S Health tracks similar data to the Apple Health and, in my opinion, is user-friendly, and its dashboard was easier for me to read than Apple’s.
Check out the comparison:
Left: S Health dashboard photo: www.apkdigg.co
Right: Apple Health dashboard. Photo: Apple.com
You can change the data on your dashboards to what is most relevant to your health quest. On my dashboard, I have steps, flights of stairs, and weight. These three categories I check most often, as I am trying to ditch some holiday pounds, so it is convenient to have them on my dashboard.
With both apps, you are able to input valuable health data. This includes anything from height, weight, caloric intake to even health stats like blood pressure, lab results, and UV exposure. Some of this information may be a little too specific for your daily dashboard but is worth taking the few minutes to store.
These health stats are good to have on hand in case of a medical emergency or if you are changing health care providers. Let’s be clear, though: Information recorded in your phone is not a replacement for your actual medical records. Instead, it’s a helpful tool for you to track your health progress.
For instance, if you are diabetic, this is a good way to track your glucose levels. Also, this provides an ongoing record to see if your levels change over time. It may be helpful to share this information with your physician.
While all of these features are helpful, there is a feature that could truly save your life.
Replacing the Bracelet
Remember medical ID bracelets?
You know, the accessory that has your medical information on it?
Well, smartphones are providing the same service these days.
Apple Health has a Medical ID feature where you can input crucial health information like your emergency contacts, blood type, medical conditions, and allergies.
Since most of us don’t leave home without our phones these days, this feature could help prevent medical errors and reach your loved ones quickly in an emergency situation.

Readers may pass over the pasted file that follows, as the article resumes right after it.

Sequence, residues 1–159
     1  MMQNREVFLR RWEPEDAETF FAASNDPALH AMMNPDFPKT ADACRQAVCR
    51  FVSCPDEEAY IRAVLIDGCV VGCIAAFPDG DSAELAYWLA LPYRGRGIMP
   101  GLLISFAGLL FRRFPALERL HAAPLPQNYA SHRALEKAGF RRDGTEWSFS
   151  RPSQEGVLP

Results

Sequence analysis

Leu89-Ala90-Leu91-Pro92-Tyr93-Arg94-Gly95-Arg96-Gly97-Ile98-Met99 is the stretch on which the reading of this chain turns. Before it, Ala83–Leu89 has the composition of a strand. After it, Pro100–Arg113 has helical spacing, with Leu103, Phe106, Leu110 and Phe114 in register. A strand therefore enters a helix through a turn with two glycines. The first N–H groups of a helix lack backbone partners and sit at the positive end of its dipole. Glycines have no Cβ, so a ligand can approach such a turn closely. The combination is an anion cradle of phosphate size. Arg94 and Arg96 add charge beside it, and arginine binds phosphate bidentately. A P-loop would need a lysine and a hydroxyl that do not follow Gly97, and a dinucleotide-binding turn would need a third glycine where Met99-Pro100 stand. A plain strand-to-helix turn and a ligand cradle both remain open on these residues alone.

In fact, these apps are becoming so popular, emergency medical technicians (EMTs) in Michigan and Wisconsin are being trained to look for the Medical ID on iPhones.
The Medical ID feature is accessed from the emergency screen of your iPhone. If you have an iPhone, you can set your emergency information in the Health app by opening the Medical ID icon.
S Health does not have this emergency feature within the app.
However, Android does have a free app called ICE (which stands for “In Case of Emergency”) that will provide the same information in the event of an emergency. You can find it here.
Keep in mind, wearing a bracelet and having your Medical ID stored in your phone will double your chances of accurate medical attention during an emergency.
Since phones can lose power and/or be broken during an emergency situation, a medical bracelet is a smart backup.
If you have a fitness app you prefer to either of these, let me know all about it! email@example.com
Managing editor, Living Well Daily
P.S. If having your health monitored by your phone is a little too Big Brother for you, you can easily turn your health tracking off. Just go to your settings menu, find the health app, and turn it off. Simple as that.
Written By Natalie Moore
Natalie Moore is a dedicated health researcher with a passion for finding healthy, natural, and science-based solutions. After a decade of direct healthcare experience in western and natural medicine, she was involved in public health research before joining Living Well Daily.